RSRP is a follow-up to an early US NRC Program funded by Freedom Support Act to improve safety of the Soviet Built reactors in Armenia, Kazakhstan, Russia and Ukraine initiated in 1991. In 2001 many countries of the Former Soviet Union were still recovering from 10 years of social-economic upheaval. The regulatory authorities were not well established, had no clear division of responsibility, were poorly funded and had difficulty executing their responsibility often in the absence of basic laws and regulations. A contributing factor to RSRP initiation were a number of illicit trafficking events that gave rise to a concern about the use of radiation sources in a radiological dispersal device (an RDD or “dirty bomb”) or radiological exposure device (RED).
Based on existing relationships with Kazakhstan Atomic Energy Committee (KAEC) and Armenian Nuclear Regulatory Authority (ANRA), the RSRP initiated country-wide inventorying of radiation sources in Kazakhstan and Armenia. In 2003, Nuclear and Radiation Safety Center of Armenia developed RASOD (Radiation Sources Database) that served as a base for national registries of radiation sources and x-ray devices. In the following years many more FSU countries joined RSRP and completed the inventory and registry tasks in Georgia (2006), Uzbekistan (2007), Tajikistan (2008), Moldova (2009), and Kyrgyzstan (2008). RSRP also supported the improvement of the national registry in Ukraine. While the purpose of RSRP was not to locate orphan sources, many of previously unknown radiation sources were discovered and relocated to temporary storage facilities. In the process disused sources of lower activity categories were moved to better protected temporary storage locations. The national registries became a very useful source of information to other partner country agencies including customs and border control.
Once the location of sources was verified, the RSRP developed licensing processes and reached out to the radiation sources user community. RSRP conducted user seminars to explain user legal obligation to license their activities and conduct operations in the safe and secure manner. This outreach resulted in much increased application submittals and issuance of licenses. RSRP recognized the need for and provided for temporary staff augmentation to handle increased demand for license reviews. This was followed by the work to develop inspection programs and procedures and to provide hands-on training for partner agency inspectors.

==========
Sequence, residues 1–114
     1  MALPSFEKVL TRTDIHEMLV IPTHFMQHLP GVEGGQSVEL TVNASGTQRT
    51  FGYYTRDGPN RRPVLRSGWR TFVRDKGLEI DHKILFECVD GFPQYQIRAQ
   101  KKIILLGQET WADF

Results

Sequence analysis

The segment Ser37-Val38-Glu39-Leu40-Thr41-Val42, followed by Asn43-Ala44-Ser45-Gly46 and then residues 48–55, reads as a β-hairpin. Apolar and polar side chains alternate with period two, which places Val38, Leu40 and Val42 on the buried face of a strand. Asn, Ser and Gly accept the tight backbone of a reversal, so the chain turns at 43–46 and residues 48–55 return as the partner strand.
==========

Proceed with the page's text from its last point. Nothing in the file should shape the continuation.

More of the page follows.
Many of the RSRP countries still suffered from the inadequate laws and regulations. RSRP took on the responsibility to assist partner regulator in major Laws on use of nuclear energy, on licensing, on radiation protection. While some countries have chosen to develop new Laws, others have proceeded to update specific articles of the Law. Because the Laws are approved at the highest level of legislature it took significant effort and time to promulgate these Laws. RSRP provided support to development of regulation and guidance (government decrees, ratification of international agreements, basic safety standards, technical requirements on safety and security, licensing and inspection). Much of this work is based on the Code of Conduct (IAEA, 2004). RSRP recognizes that most of the partner countries operate relatively small size radiation protection programs. Therefore, RSRP is oriented towards “smaller program” countries that recently developed radiation protection programs (Lithuania, Czech Republic). Technical experts from RSC (Lithuania), SUJB and SURO (Czech Republic) provided invaluable technical support in a variety of areas.